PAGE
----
Cake-licious: Orange Madeira

Spent a good part of this past weekend poring over pictures and recipes of cakes. That’s what happens when two of your friends are young mothers whose babies will be turning one soon. One of them plans to order a cake from a lady who runs a bake business right out of her kitchen, the other who still has 6 months to plan the event, plans to brush up her baking skills by then and create a homemade one for her little one. I’m sure both cakes and birthday parties will be equally memorable.

When it comes to baking, Rachel Allen is my God, because she helped me get over my inhibitions. When I decided to bake my first non-chocolate cake, it had to be Rachel’s Orange Madeira cake.  It’s a simple, citrusy twist on a classic Madeira. I watched her do it on her show ‘Bake’ on Discovery Travel & Living. I followed her recipe to the T and prayed that it would come out right. It did. It was one of my best experiences in the kitchen.

Orange Madeira Cake (The paper mache cat isn't edible)

Here’s Rachel’s recipe.

You will need…
175 g butter that’s been softenend
175 g caster sugar
3 beaten eggs
the finely grated zest of 2 oranges
225 g plain flour
1 teaspoon baking soda
4 teaspoons freshly squeezed orange juice

For the topping:  75 g icing sugar and 4 tablespoons of some more of that orange juice

Here’s what you have to do
1. Preheat the oven to 170°C.  Lightly grease a loaf tin

2. Cream the butter in a large bowl or in an electric food mixer until soft. Add the sugar and vanilla extract and beat until the mixture is light and fluffy.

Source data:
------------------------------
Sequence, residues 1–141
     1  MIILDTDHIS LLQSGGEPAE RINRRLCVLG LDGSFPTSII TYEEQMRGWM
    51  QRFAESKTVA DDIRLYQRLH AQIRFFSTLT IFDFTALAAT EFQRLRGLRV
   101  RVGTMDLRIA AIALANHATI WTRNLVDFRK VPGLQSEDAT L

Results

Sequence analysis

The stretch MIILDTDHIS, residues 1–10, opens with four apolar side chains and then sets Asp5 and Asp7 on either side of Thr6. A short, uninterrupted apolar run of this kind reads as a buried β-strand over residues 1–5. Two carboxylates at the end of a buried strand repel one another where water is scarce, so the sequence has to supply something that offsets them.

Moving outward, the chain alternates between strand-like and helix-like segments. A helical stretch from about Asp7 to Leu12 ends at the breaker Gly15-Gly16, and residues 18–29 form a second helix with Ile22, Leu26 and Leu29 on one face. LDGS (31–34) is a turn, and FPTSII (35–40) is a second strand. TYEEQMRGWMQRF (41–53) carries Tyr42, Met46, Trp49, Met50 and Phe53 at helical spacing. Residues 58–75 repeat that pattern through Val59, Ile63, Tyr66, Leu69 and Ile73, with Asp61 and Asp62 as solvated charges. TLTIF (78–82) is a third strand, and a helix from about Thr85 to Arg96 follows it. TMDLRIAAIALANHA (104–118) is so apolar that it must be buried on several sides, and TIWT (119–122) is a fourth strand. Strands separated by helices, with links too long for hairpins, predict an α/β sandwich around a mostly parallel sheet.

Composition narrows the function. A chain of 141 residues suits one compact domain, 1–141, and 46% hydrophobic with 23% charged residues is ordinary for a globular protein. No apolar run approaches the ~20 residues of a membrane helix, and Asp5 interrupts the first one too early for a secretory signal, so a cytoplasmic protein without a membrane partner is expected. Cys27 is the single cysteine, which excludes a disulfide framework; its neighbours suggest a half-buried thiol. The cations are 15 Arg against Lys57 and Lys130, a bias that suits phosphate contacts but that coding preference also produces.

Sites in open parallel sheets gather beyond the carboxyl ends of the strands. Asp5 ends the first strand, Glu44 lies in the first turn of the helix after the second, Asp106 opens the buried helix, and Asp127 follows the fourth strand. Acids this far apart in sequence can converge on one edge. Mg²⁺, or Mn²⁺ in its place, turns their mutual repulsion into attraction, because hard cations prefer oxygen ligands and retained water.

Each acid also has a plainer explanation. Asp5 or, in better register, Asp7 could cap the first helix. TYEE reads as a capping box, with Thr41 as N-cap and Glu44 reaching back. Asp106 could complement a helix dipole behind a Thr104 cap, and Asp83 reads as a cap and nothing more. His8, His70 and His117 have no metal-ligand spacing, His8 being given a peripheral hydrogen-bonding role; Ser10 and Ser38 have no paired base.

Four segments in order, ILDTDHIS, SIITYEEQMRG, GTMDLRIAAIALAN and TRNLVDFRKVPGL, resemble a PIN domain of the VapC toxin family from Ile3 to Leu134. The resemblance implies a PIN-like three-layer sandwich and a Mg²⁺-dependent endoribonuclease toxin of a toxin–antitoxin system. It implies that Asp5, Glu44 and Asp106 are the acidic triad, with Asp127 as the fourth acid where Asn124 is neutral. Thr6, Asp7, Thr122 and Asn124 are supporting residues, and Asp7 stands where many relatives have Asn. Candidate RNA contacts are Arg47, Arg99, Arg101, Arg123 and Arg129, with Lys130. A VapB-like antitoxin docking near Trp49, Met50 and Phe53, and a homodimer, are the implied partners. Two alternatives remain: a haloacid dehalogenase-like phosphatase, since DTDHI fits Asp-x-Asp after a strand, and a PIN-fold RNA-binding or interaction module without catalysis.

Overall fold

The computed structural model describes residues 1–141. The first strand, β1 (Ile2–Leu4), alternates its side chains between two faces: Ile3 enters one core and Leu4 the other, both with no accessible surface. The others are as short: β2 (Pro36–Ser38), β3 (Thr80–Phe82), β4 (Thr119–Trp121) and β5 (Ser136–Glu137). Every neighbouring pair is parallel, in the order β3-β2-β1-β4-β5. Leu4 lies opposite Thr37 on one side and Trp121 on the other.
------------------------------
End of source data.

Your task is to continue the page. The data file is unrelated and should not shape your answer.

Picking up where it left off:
3. Add the eggs in three stages, beating well between each addition, then add the orange zest.

4. Sift in the flour and baking powder and fold in with the orange juice. Stop when all the flour is incorporated. Transfer the mixture into the prepared loaf tin and smooth the top.

5. Bake in the oven for 50-55 minutes or until a skewer inserted into the middle comes out clean.

6. Allow to stand in the tin for 5 minutes before removing to a wire rack to cool completely..

7. For the topping, sift the icing sugar into a small bowl and stir in just enough orange juice until it is soft but not runny. If you want the icing to stay just on the top of the cake, place the cooled cake back in the tin and spread the icing over the top. You may find it easier to dip a spoon or table knife in boiling water to spread the icing more easily. Allow the topping to set and cut into slices to serve.

 Rachel suggests a variation of the same recipe using coffee instead of oranges.  I’m going to try it out. Fingers crossed!

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7 Comments (+add yours?)

  1. madhumita
    Aug 30, 2011 @ 10:30:03

    i cant wait to go home to try this one out!

    Reply

  2. Akshata
    Sep 01, 2011 @ 08:02:52

    i tried the same one too and gosh it is just too good! the results are beyond expectations! loved yours, looks great! chomp chomp

    Reply

  3. hesitantscribe
    Sep 04, 2011 @ 19:35:53

    Very nice. Please send parcel in courier.
    ps: Impressive photography.

    Reply

    • Namrata Kilpady
      Sep 05, 2011 @ 14:15:48

      Thank you, Hesitant Scribe. Will gladly parcel some over to you… but what will you give me in return. I accept food. (Hint: A trough of mini idlis soaked in ghee-ful sambar will do). Let’s make this a barter system.

      Reply

  4. kate Goodall
    Feb 03, 2013 @ 19:45:56

    This cake works well with gluten free flour and baking powder. My coeliac colleague loves it.

    Reply

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